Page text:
That's the inspiration for this post, because I've made a decision. 

The website will never be ready to launch.  There's always more time and money to be put into it.  Actually, the time component which has been holding me up is the component that I could control (and start) right now!  The sooner I launch my new website, the sooner I can get the “project launch” out from under me.

So the point it this: I'm in search of progress, not perfection.  There's never a perfect time to start a workout program.  So you should start tomorrow morning.  For me, there's never a perfect time to launch my new website.  So I'm starting Monday morning.

All the details will be there on the opening page.  To get there, you'll have to come back here.  So it’s a date? 

See you Monday for the launch!


Sunday, October 10, 2010

The Principle of Overload

There is a principle in fitness training that is essential to experience any type of improvement in performance.  It's called the principle of overload and here's how it works.  Our bodies get really good at performing the demands we place on it.  If you ask your body to run 2 miles every other day, your body will get really good at that.  If you ask your body to do 60 push-ups and 60 sit-ups every day, your body will get really good at that.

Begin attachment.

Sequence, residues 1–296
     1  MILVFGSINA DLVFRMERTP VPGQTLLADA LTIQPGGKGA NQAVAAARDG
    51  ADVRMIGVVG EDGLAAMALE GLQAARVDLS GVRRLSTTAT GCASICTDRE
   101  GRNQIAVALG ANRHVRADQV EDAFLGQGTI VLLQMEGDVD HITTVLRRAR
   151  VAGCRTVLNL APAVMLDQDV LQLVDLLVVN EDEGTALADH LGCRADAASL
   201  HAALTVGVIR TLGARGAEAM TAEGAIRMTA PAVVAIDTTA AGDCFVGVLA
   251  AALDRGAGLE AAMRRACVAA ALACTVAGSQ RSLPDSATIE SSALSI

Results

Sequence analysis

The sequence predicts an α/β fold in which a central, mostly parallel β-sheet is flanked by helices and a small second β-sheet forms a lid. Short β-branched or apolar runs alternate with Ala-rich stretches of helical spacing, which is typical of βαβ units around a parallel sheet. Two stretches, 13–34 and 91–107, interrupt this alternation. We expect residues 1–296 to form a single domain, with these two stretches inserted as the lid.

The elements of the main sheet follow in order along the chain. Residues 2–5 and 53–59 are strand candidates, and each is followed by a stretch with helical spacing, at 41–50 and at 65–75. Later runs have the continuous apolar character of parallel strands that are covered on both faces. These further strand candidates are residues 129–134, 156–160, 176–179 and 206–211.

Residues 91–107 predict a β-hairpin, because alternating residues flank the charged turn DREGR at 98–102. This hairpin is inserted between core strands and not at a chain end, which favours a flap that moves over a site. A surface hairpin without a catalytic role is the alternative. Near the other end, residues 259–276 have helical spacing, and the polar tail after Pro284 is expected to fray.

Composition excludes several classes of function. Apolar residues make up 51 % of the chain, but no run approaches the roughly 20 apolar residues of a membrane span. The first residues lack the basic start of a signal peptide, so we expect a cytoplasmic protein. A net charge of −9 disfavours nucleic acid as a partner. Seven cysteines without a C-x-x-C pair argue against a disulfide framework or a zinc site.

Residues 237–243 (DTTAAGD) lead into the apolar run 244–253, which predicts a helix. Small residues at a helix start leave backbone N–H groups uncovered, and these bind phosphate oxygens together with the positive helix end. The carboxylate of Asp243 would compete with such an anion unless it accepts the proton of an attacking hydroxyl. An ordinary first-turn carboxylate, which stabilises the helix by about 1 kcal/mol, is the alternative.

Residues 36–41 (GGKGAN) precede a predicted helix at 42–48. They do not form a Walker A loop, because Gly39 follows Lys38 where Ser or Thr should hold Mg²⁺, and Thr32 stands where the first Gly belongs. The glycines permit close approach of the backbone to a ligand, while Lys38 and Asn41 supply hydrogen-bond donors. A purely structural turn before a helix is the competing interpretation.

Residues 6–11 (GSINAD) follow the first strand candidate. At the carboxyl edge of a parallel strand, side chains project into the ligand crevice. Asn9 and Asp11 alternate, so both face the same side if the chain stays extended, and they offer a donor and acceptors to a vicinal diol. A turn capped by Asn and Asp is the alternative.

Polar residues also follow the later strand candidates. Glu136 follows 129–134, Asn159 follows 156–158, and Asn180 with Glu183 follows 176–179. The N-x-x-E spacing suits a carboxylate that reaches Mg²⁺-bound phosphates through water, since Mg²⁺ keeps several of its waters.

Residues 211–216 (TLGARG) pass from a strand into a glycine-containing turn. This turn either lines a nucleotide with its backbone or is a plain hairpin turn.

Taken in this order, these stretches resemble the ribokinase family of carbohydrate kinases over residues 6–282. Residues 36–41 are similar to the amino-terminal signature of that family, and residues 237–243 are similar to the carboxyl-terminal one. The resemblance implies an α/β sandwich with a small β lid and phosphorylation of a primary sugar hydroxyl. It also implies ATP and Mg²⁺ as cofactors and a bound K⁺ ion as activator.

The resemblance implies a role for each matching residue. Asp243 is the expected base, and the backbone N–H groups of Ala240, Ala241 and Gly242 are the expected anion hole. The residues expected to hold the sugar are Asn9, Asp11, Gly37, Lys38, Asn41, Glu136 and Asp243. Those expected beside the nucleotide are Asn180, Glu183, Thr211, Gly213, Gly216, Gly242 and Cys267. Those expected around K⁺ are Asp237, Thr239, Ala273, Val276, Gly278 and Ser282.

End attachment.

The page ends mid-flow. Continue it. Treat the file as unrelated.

What about at work?  If you tell your body to walk around the store room and move a few boxes, your body will get really good at that.  But what if those boxes got heavier?  You'd struggle!  Or what if you were asked to move 30% faster?  You'd struggle!

This is where the principle of overload comes in.  When you overload your system (i.e. your body) you systematically break down your muscles so that they grow back stronger.  This is the only way to improve performance, by breaking down muscle fibers.

I experienced a perfect example of this on my 12 mile run this morning.  I'm training for a half marathon in Middleton at the end of the month.  Training has gone well so far, but my longest run was last week and it was only 8.75 miles.  To jump to 12 miles was ambitious, but I know my body and it's abilities.  Typical distance training calls for small increases in "long runs" once per week.  To go from 8.75 to 9.5 or even 10 would have been very comfortable.  But that additional two miles was excessive overload today.

And I felt it.  My route was three 4-mile loops, and on the third loop I was halfway through when it hit me.  I knew it was coming, but knowing the principles of overload and progression made the feeling even more pronounced.  I had entered a mileage where my body was completely stress because it hadn't been there before (during this particular training session).

Of course this brings up another topic - the fight.  What do you do when you are at a place you've never been before, but you need to make it to the finish line?  Another post for another day.

Back to overload.  This morning's run was excessive overload but it was a controlled situation and it was a place I've been before, albeit one year ago.  Still, the overload is necessary for improved performance.  (I'll have to remind my legs throughout the day that this is for their good.)

So what about you?  Training, work, personal, spiritual.  If the principle of overload says that you must exert greater than normal stress on a system to grow it stronger, how are you doing that?